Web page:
CES: Loving the enemy

We’ve just returned to our hotel room after CES Unveiled, a sneak peek intended to highlight the best of show. Tthe urge to be downbeat is strong: there wasn’t a lot of spectacular stuff on display. Hard times call for austerity, folks. These things are frivolous luxuries, right? Right.

Highlights included a convertible tablet netbook from Asus, an ultra-realistic Guitar Hero game controller from Logitech, and a handset from Krone that converts English to sign language. Then there were many tables of nothing much memorable.

Xeni and Joel took up the slack, recording footage for Boing Boing Video. In a brief face-to-face interview, Joel convinced Consumer Electronics Association CEO Gary Shapiro to anoint him the Official King of CES. Shapiro smiled and extended his hand like a sword, gently dubbing him on the shoulder.

It seemed almost plaintive, but why shouldn’t he play along? He was promoting the show, his life’s work.

When we filtered out of the hotel, long rows of taxis waited to take us back to our pad: a rare convenience during CES week.

It’d be easy to write the same “recession-hit CES” story that you’ll find elsewhere. It’d be easy to take gleeful pleasure in charting the show’s decline. The fact that this would be so much fun, to writer and reader alike, is not a good thing.

We shouldn’t enjoy it when the things we love aren’t popular. And what the consumer electronics industry sells isn’t very popular right now.

Gadget blogging’s always been laden with snark; its the internet’s motherlode of the stuff. It won’t stop, either: it’s our fluent language, a fair response to the subordination of innovation to business. But when tens of thousands of jobs will likely be lost in the coming months, what’s the point in kicking the trade when it’s down?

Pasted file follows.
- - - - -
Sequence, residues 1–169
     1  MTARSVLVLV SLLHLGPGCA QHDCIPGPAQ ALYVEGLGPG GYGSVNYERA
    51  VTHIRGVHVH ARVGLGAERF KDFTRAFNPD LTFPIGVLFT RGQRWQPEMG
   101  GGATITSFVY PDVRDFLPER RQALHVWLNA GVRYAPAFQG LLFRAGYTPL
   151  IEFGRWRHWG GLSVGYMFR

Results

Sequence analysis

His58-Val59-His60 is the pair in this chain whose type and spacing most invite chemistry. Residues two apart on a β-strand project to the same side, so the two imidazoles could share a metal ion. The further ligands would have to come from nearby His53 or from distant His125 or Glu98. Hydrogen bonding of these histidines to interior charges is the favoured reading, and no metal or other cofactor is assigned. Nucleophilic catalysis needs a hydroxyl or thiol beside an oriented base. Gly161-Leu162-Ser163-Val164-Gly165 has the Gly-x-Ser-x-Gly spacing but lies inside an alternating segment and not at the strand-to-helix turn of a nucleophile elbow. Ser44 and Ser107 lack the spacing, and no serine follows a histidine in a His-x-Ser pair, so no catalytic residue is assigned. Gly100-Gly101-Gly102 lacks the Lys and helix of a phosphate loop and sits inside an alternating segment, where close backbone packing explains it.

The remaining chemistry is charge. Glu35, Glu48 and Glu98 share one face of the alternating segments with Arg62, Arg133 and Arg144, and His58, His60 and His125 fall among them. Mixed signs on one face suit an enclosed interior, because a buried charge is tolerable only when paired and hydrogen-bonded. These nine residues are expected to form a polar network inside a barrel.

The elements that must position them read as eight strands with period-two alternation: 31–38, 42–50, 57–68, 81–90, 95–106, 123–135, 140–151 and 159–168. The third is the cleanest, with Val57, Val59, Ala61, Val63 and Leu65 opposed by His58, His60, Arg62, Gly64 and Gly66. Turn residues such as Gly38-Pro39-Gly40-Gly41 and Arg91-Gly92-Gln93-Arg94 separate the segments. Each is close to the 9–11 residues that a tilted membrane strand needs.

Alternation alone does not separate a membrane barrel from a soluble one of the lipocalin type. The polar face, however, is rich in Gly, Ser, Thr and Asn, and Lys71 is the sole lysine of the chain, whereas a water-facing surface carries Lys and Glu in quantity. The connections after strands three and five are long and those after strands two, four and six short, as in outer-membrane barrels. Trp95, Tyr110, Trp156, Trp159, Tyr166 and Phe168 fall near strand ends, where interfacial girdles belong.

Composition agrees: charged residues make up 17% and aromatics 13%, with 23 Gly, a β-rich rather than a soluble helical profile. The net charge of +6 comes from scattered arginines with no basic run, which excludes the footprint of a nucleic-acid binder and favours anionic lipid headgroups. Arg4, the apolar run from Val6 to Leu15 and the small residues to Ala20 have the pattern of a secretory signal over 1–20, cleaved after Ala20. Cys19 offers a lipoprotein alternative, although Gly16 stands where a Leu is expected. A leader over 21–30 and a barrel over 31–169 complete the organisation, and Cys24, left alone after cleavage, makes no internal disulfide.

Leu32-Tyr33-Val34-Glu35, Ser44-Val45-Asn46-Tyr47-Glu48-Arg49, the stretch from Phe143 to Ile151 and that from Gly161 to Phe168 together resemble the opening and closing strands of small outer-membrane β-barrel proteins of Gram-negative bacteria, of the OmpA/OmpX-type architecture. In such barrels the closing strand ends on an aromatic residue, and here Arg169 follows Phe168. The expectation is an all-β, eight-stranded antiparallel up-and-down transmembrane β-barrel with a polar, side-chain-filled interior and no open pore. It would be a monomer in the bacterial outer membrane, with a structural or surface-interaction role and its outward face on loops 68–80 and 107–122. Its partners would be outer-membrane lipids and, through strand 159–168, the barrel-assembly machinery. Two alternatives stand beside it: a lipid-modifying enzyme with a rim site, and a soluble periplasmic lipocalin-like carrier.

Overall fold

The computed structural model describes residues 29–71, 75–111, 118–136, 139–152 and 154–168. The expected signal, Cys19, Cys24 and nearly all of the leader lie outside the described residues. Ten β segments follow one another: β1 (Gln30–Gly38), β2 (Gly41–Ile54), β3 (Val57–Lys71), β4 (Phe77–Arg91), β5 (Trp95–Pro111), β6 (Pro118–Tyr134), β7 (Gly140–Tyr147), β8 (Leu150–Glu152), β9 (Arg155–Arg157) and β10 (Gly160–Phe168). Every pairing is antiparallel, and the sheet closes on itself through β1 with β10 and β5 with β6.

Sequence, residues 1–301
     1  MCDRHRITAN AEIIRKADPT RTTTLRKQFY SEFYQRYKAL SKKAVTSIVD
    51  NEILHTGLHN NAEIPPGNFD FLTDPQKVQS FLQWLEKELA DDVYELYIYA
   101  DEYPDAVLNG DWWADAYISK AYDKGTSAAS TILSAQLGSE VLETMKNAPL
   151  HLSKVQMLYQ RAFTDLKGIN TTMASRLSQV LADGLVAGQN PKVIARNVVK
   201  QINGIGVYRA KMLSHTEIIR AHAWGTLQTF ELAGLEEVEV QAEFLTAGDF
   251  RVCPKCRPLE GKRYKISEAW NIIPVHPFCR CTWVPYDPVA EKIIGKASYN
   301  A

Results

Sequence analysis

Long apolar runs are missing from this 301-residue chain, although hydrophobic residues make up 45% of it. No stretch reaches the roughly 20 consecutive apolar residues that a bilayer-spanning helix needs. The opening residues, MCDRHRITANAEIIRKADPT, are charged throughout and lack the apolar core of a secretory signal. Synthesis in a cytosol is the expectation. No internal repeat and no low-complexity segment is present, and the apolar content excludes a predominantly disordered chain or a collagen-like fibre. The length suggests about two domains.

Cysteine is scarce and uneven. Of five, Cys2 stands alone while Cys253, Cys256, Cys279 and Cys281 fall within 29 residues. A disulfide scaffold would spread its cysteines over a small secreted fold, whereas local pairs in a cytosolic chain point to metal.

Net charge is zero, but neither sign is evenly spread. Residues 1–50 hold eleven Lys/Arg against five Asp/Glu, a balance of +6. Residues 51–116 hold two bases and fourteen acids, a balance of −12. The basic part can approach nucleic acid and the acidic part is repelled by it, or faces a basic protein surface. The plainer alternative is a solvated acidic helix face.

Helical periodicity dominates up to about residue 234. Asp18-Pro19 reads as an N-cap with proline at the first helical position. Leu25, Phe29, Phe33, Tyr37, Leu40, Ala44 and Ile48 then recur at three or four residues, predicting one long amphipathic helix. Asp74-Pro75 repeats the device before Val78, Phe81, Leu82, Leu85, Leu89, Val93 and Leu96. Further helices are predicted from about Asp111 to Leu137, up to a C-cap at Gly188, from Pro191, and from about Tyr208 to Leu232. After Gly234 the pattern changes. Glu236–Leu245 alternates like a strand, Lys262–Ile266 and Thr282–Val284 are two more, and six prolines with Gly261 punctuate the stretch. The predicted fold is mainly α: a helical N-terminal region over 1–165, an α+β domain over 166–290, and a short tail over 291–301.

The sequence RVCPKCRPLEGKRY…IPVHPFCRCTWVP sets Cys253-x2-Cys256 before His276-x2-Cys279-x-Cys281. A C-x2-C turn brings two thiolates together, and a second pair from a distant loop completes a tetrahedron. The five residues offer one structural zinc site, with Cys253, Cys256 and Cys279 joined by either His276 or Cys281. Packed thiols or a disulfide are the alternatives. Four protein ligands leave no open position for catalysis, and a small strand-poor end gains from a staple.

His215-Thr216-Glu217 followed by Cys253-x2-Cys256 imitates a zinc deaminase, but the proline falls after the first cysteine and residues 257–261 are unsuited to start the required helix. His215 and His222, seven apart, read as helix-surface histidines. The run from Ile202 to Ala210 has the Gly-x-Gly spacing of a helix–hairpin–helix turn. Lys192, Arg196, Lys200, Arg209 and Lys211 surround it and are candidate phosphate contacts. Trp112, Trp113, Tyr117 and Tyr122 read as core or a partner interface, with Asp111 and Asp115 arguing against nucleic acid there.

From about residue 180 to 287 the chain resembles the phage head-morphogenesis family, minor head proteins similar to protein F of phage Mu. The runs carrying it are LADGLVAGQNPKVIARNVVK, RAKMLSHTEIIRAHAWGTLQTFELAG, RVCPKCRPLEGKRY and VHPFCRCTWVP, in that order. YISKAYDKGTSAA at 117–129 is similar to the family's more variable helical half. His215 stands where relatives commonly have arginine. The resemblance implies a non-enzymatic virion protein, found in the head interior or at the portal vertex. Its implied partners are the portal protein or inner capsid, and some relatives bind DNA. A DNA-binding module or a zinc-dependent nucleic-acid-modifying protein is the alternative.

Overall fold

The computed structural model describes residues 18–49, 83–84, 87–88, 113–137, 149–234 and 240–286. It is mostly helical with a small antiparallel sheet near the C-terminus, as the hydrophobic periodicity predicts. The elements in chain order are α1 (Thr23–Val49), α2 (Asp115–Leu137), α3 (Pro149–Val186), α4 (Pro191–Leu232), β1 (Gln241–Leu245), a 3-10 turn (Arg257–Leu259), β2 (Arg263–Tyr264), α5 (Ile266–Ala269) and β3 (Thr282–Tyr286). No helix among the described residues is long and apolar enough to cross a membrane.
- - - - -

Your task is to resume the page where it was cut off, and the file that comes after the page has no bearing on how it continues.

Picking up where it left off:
It’s time to have a little hope, and to find things to be positive about.

A year ago, an expensive gizmo that does nothing more complicated than display a picture of someone’s hands could easily have been mocked or ignored. This device, however, permits communication between a frustrated parent and a disabled child. It’s the application of technology to solve a problem. Its value transcends its specifications.

It works, it’s wonderful, and it’s yours, for $200.

Just a luxury, right?

About Rob Beschizza

Rob Beschizza is the Managing Editor of Boing Boing. He's @beschizza on Twitter and can be found on Facebook too. Try your luck at besc...@gmail.com

 

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9 Responses to CES: Loving the enemy

  1. joflow says:

    That ended up being surprisingly touching, Rob.

  2. Anonymous says:

    I agree with the above comment and I appreciate the positive note. Let’s face it, if somebody has the money to spend on what is, in the end, a non-essential gadget, how bad can life typically be for them? It’s easy and entertaining to be cynical of everything but I don’t think that we should forget that, normally, necessity is the mother of invention and that at one time whatever trivial function the gadget performs was most likely very important to somebody.

  3. zoydwheeler says:

    I’ll second that, nice to read anything that’s not *just* slagging CES.

  4. Robabob says:

    Anyone have any links so we can see the Krone sign language device?

  5. danilo says:

    It’s funny. I was trying to sort out the other day why I’ve found myself ignoring my other gadget feeds in preference for bbGadgets. Now I understand.

    Thanks for this, Rob. You penned the most important note about CES that will be written this year.

  6. ROSSINDETROIT says:

    The text/sign translator idea hit me with a shock. It’s so brilliant it seems obvious. One belongs in every ambulance, with ‘Do you have any drug allergies’ and other phrases pre-programmed in. Just when you think every useful invention’s been done…

  7. mattzog says:

    I guess it’s been said already, but good post. It seems that positivity is the appropriate sentiment for the time. Kudos on seeing to the heart of the matter.

  8. geekpdx says:

    Good on you Rob.

    Everyone can have a platform on the web, but few people get to say something where people will actually hear it. I love snark, but I heartily approve of the BBG team using it’s powers for good.

    If you guys could infect (angry Planet Terror zombie style, of course) the other big boys, engadget and gizmodo with a little of your disease, we’d be grateful.

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